Bletchley v1 slashes the time it takes to deploy a consortium Ethereum network, Microsoft claims.
Steep declines in Oracle’s software licensing business undercut strong sales in its cloud-computing unit. Oracle is trying to catch up to Microsoft and …
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(PRWeb July 29, 2016)
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The star of the company’s story, he writes, is its supplying of cloud computing by selling into the “webscale” or “hyperscale” market, vs. a more …
Microsoft today launched a new standalone app for scheduling meetings called Invite. Available only for iPhone users in the U.S. and Canada for now, you can download Invite now directly from Apple’s App Store.
Here is how it works. First you suggest times that work for you, and then invite attendees to vote. You can send invites to anyone with an email address — even if they are outside your organization. The recipients select all the times they can attend from the app itself or from a browser, once votes are in, you pick the time that works best.
The best part is that anyone invited can see what options work best for other attendees, and suggest their own times as well. The sender chooses a final date and time whenever they’re ready, hitting Send Calendar Invites to get it on everyone’s calendars.
Here is how Microsoft explains its thinking behind the app:
Invite is designed to overcome the biggest obstacle when scheduling meetings — not being able to see the calendars of attendees outside your organization. As a result, your proposed meeting can be repeatedly declined until you find a time that works.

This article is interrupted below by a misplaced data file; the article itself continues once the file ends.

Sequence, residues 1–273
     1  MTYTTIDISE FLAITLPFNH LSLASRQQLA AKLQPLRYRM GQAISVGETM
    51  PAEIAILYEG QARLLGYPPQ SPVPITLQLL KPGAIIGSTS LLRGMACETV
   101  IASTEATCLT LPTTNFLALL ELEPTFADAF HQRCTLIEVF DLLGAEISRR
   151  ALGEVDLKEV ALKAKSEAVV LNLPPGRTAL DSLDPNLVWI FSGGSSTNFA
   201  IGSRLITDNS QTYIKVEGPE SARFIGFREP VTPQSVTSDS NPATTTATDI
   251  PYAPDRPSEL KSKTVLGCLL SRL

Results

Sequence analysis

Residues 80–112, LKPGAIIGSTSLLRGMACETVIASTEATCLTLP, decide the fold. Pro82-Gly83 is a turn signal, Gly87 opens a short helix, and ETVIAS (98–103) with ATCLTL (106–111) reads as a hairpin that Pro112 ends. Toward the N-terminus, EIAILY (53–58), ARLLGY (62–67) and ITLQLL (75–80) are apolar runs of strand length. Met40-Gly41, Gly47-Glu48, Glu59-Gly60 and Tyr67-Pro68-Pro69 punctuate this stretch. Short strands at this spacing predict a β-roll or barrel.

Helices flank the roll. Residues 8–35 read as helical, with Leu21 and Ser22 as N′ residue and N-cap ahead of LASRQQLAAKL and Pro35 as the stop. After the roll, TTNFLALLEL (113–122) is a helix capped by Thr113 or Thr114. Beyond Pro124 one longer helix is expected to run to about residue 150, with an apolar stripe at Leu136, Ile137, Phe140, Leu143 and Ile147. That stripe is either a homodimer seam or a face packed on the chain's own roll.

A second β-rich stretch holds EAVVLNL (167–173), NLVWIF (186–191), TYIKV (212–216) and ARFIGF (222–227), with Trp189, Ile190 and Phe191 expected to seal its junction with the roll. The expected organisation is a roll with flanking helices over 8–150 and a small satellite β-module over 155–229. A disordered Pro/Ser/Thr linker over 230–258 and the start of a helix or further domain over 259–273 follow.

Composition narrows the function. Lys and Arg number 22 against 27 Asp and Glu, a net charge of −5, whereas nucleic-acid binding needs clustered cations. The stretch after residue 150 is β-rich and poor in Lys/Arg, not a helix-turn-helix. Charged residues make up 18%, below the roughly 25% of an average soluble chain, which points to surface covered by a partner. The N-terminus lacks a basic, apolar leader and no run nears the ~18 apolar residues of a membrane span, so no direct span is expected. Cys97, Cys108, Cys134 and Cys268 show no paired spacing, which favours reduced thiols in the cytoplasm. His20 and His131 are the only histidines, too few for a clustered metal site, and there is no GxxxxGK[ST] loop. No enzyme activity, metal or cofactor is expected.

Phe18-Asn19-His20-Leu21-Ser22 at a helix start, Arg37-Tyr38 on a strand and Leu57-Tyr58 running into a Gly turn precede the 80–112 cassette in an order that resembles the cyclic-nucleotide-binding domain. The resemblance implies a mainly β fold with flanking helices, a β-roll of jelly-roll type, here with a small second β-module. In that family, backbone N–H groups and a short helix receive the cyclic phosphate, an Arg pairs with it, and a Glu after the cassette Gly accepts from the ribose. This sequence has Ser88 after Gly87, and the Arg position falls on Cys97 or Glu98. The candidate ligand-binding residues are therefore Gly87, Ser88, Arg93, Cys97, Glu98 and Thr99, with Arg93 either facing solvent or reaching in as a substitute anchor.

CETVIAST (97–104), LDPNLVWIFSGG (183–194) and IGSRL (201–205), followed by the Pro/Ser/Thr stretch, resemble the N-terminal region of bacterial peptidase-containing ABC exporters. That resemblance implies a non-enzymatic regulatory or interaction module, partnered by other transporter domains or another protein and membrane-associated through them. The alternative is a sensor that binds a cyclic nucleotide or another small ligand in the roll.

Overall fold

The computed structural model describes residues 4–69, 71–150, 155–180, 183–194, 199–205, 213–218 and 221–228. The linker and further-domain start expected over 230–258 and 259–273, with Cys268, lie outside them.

Certain events and meetings can be moved if something more important comes up, but only each person knows best where they are flexible. By letting attendees pick times that work for them, even when it means moving one of their own meetings, can stop that meeting from being scheduled on a Friday evening.
Invite is mainly designed for users with Office 365 business and school accounts. That said, the app also works with any email account, including Outlook.com, Gmail, and Yahoo Mail.
The app’s launch and limitations are very similar to Microsoft’s Send, a lightweight email app that debuted in July. Like Send, Invite is starting out as iPhone-only, available only in two countries, and with the promise of “coming soon” to Android and Windows Phone.
Invite is the latest in a long line of apps to emerge from Microsoft Garage, the software giant’s lab for experimental tinkering. At this rate, Microsoft will soon have more experimental apps than “final” apps.
And that’s okay, as long as some of them are eventually released or integrated into existing products.
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We already knew Samsung’s final Gear VR was coming in 2015. Now we have a price and a better sense of the release timing.
The mobile-based virtual reality headset will launch in North America “in time for Black Friday” and worldwide “shortly after,” as Samsung SVP of Technology Strategy Peter Koo revealed when he took the stage at the Oculus Connect keynote on Thursday. It’ll sell for $ 99.